Wednesday, March 21, 2012

'Hungry' for an action heroine?


The current movie hoopla is all concentrated in one direction – ‘The Hunger Games.’

The movie – based on the first book of the ultra-popular trilogy written by Suzanne Collins – hits theaters on Friday.

This film is going to be a hit – that’s not even remotely in doubt. The only questioning surrounding the opening is exactly how much money it will ultimately make? I’m betting – especially given 80-degree temperatures and spring break – that ‘The Hunger Games’ could conceivably break some box office records.

Personally, I’m going to the midnight showing because I’m (pun intended) hungry for a good movie. I haven’t seen one in awhile.

The thing I love about ‘The Hunger Games’ is that it revolves around a strong heroine that not only makes her own decisions and tries to help others but doesn’t sit around and wait for some man to swoop in and save her. In other words, this is more ‘Buffy the Vampire Slayer’ than ‘Twilight.’

The basic premise of ‘The Hunger Games’ is that each year, one girl and one boy tribute are chosen to travel to the capital and compete in a tournament to the death. Essentially, only one tribute survives and that one tribute is promised riches and food for their family for the rest of their lives. Since the majority of these kids come from impoverished cities where they have to struggle to feed their families – winning is a big deal.

The games themselves are a blood thirsty melee, with children as young as 12 being thrown into the mix. Not only are the games filmed and watched by everyone in the 12 districts surrounding the capital, but denizens of the districts can pool together money and send certain “gifts” to their tributes. The richer the district, the better chance their tribute has of surviving.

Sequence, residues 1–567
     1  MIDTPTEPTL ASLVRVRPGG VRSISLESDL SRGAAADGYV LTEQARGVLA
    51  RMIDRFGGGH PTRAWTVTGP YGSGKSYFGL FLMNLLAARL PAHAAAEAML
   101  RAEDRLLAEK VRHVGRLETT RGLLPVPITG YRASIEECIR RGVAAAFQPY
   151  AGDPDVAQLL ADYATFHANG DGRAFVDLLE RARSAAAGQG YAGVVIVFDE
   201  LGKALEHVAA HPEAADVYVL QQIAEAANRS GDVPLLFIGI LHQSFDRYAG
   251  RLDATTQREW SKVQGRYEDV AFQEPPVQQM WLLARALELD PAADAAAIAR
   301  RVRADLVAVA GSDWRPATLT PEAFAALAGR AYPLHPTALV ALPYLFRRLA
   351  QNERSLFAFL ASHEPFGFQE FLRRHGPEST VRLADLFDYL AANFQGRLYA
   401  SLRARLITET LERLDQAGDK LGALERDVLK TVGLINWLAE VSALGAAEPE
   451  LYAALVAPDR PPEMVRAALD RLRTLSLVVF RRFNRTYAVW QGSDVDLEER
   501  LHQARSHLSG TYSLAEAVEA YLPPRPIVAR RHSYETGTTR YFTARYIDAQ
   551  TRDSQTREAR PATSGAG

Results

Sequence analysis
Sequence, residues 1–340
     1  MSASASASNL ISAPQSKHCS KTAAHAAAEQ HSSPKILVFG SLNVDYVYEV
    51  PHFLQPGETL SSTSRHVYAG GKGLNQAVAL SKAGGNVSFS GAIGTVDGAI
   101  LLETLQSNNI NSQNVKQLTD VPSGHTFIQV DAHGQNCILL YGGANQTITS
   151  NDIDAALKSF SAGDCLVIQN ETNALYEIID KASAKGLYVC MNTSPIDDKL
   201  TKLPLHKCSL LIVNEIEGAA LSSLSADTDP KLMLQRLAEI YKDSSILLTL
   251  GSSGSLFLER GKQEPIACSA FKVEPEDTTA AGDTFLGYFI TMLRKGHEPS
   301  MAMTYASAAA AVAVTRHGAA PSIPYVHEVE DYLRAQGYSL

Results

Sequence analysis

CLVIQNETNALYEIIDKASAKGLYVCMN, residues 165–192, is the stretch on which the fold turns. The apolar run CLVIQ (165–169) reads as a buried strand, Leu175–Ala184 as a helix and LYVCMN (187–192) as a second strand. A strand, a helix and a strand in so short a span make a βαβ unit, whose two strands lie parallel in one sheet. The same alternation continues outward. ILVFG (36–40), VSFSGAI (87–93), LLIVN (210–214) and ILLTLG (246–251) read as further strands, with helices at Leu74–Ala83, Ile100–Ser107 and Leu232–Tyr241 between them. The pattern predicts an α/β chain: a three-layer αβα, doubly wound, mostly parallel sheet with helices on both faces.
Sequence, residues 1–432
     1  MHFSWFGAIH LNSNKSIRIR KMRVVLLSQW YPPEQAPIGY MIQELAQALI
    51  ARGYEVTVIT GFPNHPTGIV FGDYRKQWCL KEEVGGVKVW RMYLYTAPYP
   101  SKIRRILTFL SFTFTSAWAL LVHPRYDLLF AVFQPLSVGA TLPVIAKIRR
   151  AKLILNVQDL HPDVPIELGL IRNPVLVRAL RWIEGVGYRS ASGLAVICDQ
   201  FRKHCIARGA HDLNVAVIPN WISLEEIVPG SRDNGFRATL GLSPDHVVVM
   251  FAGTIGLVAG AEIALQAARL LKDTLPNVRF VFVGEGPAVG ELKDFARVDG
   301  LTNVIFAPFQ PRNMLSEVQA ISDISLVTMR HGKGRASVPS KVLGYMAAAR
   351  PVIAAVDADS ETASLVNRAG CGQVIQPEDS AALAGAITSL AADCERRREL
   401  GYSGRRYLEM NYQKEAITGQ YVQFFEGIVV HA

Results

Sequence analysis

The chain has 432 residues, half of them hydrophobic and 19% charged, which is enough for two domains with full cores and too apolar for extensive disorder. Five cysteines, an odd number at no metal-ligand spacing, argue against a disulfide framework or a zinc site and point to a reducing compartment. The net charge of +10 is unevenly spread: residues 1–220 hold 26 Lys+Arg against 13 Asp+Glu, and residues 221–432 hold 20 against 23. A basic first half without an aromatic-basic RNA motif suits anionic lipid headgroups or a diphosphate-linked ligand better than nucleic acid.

Essentially, at its heart, ‘The Hunger Games’ is a commentary on government and pop culture. The government in this case is predominantly communist, with the bulk of the money being controlled by a random few people while the bulk of the work is done by the masses.

At the center of ‘The Hunger Games’ is heroine Katniss Everdeen, the female District 12 tribute. Katniss (played by the talented Jennifer Lawrence) actually volunteers to be the female tribute when her beloved 12-year-old sister Primrose is chosen – so right from the start Katniss endears herself to fans.

The male tribute from District 12 is Peeta Mellark (Josh Hutcherson). Peeta is the son of a baker, and all most fans will know of him from the start is that he has a good heart.

Even though Peeta and Katniss are from the same district, ultimately they feel they cannot rely on each other because they will have to turn on each other at some point. After all, in the end there can be only one survivor.

I’ve heard some people who haven’t read the books claim that it looks like cheesy science fiction. This actually couldn’t be further from the truth. Sure, there are some characters decked out in some strange outfits – but this is essentially to illustrate the disconnect between the capital and the district residents.

Katniss is one of the great heroines of literature. Not only is she strong and smart, but she’s also someone that’s not willing to sacrifice her ideals in the process of a game that most probably will cause her death.

You realize pretty quickly in the books that Katniss has a certain personality disorder. It’s not that she has no self-esteem, it’s more like she has no self-awareness. This is a trait that Peeta not only notices and points out, but uses to his advantage.

When you juxtapose Katniss with someone like Bella Swan of ‘Twilight,’ the difference in character is startling. For her part, Bella has no redeeming qualities. She seems to inspire the love of two men for no apparent reason other than she’s hot. She’s not overly smart, clever, entertaining or charismatic. In fact, the only two character traits set out for Bella is that she is beautiful and clumsy.

Katniss, however, has a bevy of personality traits – not all of them good – but all of them are identifiable. Katniss, for example, would not go to bed for six months because a guy she was dating for two weeks dumped her. It’s not something that can happen in her reality.

I’ve heard some parents say they won’t let their kids go and see ‘The Hunger Games’ because it’s violent. That’s pretty funny if you ask me. Yes, ‘The Hunger Games’ is a movie about a fight to the death between teenagers. It’s also a movie about not losing your humanity in an inhumane world.

In the end, ‘The Hunger Games’ teaches a great lesson – to teenage girls especially. Basically, Katniss shows through actions and deeds that doing the right thing and just being yourself might not be the smartest thing you can do, but it is the right thing to do.

‘The Hunger Games’ is rated PG-13.

What do you think? Are you excited for ‘The Hunger Games’?

1 Comments:

Blogger bluiz610 said...

Great article, Amanda!!

March 23, 2012 at 1:37 PM 

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